Age and Ageing 2015; 44: 371–376 doi: 10.1093/ageing/afv041

© The Author 2015. Published by Oxford University Press on behalf of the British Geriatrics Society. All rights reserved. For Permissions, please email: [email protected]

A survey of older peoples’ attitudes towards advance care planning IRFANA MUSA1, JANE SEYMOUR2, MELANIE JAY NARAYANASAMY2, TAIZO WADA3, SIMON CONROY4 1

Leicester Royal Infirmary—Geriatrics, Leicester, UK University of Nottingham, Nottingham, UK 3 Kyoto University, Kyoto, Japan 4 University of Leicester, Leicester, UK 2

Address correspondence to: Irfana Musa. Tel: (+44) 1162586679. Email: [email protected]

Abstract Background: advance care planning (ACP) is a process to establish an individual’s preference for care in the future; few UK studies have been conducted to ascertain public attitudes towards ACP. Objective: the aim of this study was to assess the attitudes of older people in East Midlands through the development and administration of a survey. Design: the survey questionnaire was developed on the basis of a literature review, exploratory focus groups with older adults and expert advisor input. The final questions were then re-tested with lay volunteers. Setting: thirteen general practices were enrolled to send out surveys to potential participants aged 65 or older. There were no additional inclusion or exclusion criteria for participants. Methods: simple descriptive statistics were used to describe the responses and regression analyses were used to evaluate which items predicted responses to key outcomes. Results: of the 5,375 (34%) community-dwelling older peoples, 1,823 returned questionnaires. Seventeen per cent of respondents had prepared an ACP document; of whom, 4% had completed an Advance Decision to Refuse Treatment (ADRT). Five per cent of respondents stated that they had been offered an opportunity to talk about ACP. Predictors of completing an ACP document included: being offered the opportunity to discuss ACP, older age, better physical function and male gender. Levels of trust were higher for families than for professionals. One-third of the respondents would be interested in talking about ACP if sessions were available. Conclusion: although a third of the respondents were in favour of discussing ACP if the opportunity was available with their GP, only a relative minority (17%) had actively engaged. Preferences were for informal discussions with family rather than professionals. Keywords: advance, care, planning, survey, older people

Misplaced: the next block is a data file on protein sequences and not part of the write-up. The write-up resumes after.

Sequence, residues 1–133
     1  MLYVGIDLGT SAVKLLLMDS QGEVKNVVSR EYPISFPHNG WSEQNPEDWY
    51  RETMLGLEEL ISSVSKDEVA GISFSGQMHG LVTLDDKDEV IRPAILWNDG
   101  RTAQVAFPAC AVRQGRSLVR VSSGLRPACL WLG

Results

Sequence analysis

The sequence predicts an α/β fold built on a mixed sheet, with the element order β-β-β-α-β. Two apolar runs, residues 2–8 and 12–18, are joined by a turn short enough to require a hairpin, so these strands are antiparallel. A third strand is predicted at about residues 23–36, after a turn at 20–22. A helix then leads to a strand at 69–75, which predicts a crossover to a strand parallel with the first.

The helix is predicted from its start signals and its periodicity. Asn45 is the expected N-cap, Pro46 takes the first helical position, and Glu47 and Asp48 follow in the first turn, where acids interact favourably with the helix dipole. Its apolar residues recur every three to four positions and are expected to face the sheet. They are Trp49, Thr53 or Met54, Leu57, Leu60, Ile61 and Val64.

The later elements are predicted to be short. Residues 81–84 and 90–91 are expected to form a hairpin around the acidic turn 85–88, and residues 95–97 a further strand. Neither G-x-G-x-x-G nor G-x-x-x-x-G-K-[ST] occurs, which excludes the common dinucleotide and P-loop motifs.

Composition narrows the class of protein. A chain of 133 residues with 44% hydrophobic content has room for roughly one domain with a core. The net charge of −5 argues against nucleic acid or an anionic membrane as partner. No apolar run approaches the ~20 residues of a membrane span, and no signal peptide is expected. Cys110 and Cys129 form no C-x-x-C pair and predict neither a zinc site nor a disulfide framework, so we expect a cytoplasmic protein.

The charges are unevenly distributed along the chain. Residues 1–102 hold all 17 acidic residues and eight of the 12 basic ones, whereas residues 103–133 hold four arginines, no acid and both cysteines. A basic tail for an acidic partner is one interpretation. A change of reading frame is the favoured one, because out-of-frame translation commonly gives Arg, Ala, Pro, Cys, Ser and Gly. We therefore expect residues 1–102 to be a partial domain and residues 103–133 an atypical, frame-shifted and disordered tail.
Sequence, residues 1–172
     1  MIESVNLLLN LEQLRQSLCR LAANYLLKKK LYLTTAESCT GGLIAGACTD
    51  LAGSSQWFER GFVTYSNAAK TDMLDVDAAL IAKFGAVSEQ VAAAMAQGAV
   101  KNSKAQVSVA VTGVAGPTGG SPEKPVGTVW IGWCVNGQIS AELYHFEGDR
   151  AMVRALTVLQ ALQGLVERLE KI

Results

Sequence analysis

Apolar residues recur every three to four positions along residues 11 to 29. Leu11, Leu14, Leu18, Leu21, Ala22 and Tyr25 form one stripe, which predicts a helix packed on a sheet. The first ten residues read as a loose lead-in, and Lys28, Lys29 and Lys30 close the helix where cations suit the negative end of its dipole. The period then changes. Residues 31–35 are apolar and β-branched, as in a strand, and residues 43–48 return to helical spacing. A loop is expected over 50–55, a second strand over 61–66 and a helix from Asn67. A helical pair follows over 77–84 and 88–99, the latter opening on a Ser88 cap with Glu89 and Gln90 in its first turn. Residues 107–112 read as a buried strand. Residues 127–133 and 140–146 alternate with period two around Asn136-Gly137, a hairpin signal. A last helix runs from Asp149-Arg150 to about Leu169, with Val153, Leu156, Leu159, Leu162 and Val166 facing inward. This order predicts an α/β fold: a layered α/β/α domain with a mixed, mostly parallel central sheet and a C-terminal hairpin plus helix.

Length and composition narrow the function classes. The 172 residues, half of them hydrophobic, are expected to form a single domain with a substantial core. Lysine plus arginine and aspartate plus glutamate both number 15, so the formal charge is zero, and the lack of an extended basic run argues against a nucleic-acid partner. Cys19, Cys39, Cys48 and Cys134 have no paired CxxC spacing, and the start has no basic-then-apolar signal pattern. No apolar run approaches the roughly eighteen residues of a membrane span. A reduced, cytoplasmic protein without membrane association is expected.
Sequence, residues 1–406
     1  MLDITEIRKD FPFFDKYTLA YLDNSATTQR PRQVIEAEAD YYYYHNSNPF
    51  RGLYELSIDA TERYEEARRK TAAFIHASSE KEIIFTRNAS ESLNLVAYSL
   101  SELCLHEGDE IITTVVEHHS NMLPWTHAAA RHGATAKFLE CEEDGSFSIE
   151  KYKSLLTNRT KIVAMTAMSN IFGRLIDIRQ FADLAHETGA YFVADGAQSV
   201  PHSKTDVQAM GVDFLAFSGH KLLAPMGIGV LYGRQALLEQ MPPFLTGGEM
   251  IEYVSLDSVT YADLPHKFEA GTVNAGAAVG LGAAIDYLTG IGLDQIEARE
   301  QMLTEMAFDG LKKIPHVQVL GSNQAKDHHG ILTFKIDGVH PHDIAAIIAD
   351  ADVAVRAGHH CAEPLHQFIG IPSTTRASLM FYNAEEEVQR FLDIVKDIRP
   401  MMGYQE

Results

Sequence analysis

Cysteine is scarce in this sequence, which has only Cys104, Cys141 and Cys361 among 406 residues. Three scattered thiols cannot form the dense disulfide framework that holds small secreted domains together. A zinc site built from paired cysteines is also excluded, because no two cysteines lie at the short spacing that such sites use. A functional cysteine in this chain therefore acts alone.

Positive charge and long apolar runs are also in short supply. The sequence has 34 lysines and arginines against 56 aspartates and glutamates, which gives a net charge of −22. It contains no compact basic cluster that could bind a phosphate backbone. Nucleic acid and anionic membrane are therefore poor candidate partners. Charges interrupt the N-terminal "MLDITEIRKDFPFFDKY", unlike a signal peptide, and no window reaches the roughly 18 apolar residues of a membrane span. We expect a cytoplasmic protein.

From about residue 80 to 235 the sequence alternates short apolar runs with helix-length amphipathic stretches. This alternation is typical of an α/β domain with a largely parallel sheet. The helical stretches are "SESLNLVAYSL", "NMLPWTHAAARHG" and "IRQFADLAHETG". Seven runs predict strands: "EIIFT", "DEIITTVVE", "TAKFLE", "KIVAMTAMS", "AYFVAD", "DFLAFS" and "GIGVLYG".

Introduction Advance care planning (ACP) is a process of assessment and person-centred dialogue to establish an individual’s needs and goals of care and if a person wishes to document any expressed preferences for future care and treatment, if the person loses capacity. Policy initiatives have promoted ACP as a means of extending ‘choice’ in end-of-life care, but there is little evidence about whether these assumptions are reflected in the attitudes of the public or to what extent there is an uptake of ACP. ACP may result in one or more

outcomes. Firstly, ‘advance’ directives, often known colloquially as ‘living wills’, which record views about specific treatments. Secondly, the nomination of a proxy to represent the individual in the event that they lose capacity. Under the Mental Capacity Act 2005 [1] these are termed ‘lasting powers of attorney’ and can relate to health and welfare or financial issues. Thirdly, statements of values and views about care and treatment to inform ‘best interests’ (termed ‘advance care plans’ or ‘advance statements’). Despite substantial international literature on ACP [2, 3], there is a paucity of information on the attitudes of the UK


I. Musa et al. public towards ACP. A 2005 poll of 1,027 people showed that 67% of those aged over 65 years had prepared a financial will, whilst only 8% had completed an ACP document of any kind [4]. Studies using focus group techniques with older people have shown that ‘end-of-life care’ means different things to different people [5] and that worries and anxieties are associated with thinking about and discussing ACP issues [6], whether with relatives or with healthcare professionals. Sampson et al. interviewed carers of people with advanced dementia who had recently been hospitalised and found a reluctance to plan for the future, even when given the support of a nurse experienced in ACP discussions [7]. In the UK, one validated survey has assessed ACP from the perspective of patients with advanced illnesses. However, this study focused on hospitalised patients rather than the views of community-dwelling individuals [8]. The aim of this study was to assess the attitudes and views of people over the age of 65, in a large mixed urban and rural area of the UK (East Midlands) through the development, validation and application of a survey.

Methods Study population and design